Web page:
Drug Criteria & Outcomes

Heparin can put patients at risk for HIT

Heparin, a common anticoagulant used to prevent blood clots, is one of the most commonly used medications in U.S. hospitals. However, heparin therapy can cause an immune-disorder known as heparin-induced thrombocytopenia (HIT).

Each year, nearly 12 million Americans are treated with heparin for conditions such as blood clots in the legs or lungs, heart attacks, or angioplasty. Of these 12 million people, as many as 360,000 will develop HIT, an estimated 120,000 will develop a thrombotic complication (stroke, limb amputation or death), and up to 36,000 will die.

HIT is diagnosed clinically by a drop in blood platelet count below 100,000/microliter or a dramatic 50% reduction in platelet count, as compared to baseline. Although heparin is administered to prevent blood clots, in HIT patients, it paradoxically may result in the development of blood clots.

HIT usually occurs five to 10 days following heparin treatment, although it may begin sooner. Diagnosis of the disorder can be complicated by similarities between the symptoms of HIT and other syndromes, as well as the limitations of existing laboratory assays. Diagnosis can be made even more challenging because physicians expect bleeding, not clotting, with thrombocytopenia. Thus, physicians inadvertently may exacerbate the condition by continuing anticoagulation therapy with heparin in patients who develop HIT.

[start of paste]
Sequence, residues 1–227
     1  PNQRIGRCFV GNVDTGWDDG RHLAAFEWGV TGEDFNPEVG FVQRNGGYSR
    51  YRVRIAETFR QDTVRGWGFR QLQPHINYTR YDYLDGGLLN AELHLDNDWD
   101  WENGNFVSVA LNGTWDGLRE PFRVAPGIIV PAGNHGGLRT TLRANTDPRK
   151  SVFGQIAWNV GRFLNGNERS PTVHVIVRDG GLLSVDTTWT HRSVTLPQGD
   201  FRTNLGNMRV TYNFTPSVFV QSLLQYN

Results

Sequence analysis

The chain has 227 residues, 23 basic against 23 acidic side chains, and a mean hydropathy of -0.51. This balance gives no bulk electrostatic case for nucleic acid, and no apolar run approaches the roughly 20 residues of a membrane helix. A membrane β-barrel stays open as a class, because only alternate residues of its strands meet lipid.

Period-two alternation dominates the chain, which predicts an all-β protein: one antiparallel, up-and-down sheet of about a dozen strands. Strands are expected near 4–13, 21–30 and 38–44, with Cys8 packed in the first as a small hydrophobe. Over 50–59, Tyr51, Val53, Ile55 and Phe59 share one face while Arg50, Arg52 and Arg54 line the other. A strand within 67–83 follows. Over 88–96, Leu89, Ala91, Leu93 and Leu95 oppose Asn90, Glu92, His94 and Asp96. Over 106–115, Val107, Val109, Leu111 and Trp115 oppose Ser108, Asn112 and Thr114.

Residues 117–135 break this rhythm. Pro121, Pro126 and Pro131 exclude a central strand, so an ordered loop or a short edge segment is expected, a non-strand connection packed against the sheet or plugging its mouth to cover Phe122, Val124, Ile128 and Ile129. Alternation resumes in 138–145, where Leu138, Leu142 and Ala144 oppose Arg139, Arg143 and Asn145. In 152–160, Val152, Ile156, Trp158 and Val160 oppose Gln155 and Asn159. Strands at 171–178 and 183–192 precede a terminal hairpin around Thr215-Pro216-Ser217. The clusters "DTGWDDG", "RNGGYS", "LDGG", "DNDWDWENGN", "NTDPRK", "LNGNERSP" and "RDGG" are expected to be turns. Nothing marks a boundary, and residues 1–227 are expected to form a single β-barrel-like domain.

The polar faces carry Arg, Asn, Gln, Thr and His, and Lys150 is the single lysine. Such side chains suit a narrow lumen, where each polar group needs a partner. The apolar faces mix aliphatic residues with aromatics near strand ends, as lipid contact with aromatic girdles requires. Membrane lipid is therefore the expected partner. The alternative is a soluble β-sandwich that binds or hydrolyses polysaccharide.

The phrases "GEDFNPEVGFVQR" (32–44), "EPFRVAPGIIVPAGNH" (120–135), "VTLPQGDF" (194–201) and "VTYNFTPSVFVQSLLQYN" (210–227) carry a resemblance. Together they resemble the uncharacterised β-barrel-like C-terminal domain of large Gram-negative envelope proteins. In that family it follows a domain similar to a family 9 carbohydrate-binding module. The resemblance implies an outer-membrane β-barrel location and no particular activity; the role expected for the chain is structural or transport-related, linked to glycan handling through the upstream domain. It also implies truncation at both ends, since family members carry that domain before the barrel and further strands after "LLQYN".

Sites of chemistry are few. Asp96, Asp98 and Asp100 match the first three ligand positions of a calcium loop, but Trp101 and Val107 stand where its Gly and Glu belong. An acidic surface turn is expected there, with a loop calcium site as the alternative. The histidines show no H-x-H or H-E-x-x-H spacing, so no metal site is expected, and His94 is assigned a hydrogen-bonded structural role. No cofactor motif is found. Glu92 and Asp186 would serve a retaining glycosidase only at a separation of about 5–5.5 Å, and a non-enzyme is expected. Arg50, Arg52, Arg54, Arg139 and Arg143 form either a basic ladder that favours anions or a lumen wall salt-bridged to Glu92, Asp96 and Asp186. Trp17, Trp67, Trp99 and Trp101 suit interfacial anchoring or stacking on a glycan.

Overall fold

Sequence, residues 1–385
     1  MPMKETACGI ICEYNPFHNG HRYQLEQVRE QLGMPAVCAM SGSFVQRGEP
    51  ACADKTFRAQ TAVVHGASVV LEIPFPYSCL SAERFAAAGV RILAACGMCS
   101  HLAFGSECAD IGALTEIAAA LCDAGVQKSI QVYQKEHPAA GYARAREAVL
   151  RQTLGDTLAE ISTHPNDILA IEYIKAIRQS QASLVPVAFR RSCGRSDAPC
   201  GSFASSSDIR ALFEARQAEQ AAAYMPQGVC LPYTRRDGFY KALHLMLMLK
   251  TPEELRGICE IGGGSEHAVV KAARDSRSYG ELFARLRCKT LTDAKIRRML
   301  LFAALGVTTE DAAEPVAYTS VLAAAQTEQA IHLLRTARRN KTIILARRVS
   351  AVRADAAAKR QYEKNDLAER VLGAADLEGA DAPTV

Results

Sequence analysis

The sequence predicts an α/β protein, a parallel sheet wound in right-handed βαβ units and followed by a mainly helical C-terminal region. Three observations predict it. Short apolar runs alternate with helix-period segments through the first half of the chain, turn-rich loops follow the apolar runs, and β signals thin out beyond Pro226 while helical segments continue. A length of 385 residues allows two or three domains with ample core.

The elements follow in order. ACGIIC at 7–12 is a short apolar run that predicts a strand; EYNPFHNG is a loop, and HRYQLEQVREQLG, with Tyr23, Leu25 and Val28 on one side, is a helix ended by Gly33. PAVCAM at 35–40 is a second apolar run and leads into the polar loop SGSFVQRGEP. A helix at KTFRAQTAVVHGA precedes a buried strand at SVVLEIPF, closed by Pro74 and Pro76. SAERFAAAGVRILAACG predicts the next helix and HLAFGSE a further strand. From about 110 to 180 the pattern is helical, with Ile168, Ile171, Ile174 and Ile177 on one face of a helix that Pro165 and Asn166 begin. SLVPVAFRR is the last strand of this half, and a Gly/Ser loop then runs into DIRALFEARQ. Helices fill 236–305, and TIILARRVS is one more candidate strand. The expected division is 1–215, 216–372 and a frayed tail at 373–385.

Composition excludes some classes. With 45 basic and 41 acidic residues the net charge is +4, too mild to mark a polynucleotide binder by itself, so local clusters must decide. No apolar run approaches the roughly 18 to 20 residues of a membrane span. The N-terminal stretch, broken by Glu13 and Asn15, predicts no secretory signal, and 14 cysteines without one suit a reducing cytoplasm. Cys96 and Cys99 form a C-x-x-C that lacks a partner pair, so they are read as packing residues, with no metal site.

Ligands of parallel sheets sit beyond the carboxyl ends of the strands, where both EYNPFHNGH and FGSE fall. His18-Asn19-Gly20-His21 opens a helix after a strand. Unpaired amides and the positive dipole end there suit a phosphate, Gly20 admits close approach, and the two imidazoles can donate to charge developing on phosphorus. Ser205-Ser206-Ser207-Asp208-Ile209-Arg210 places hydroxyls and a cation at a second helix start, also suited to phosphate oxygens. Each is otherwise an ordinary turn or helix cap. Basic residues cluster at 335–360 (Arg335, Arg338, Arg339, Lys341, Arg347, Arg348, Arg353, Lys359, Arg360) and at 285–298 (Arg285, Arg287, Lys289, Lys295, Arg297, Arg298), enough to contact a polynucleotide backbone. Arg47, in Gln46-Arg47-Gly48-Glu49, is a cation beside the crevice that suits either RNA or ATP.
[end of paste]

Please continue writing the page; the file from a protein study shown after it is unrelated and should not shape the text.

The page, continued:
If left untreated or misdiagnosed, HIT patients may develop serious complications such as pulmonary embolism, heart attack, limb damage requiring amputation, or even death. Mortality from HIT is estimated to be as high as 30% in patients who develop serious complications.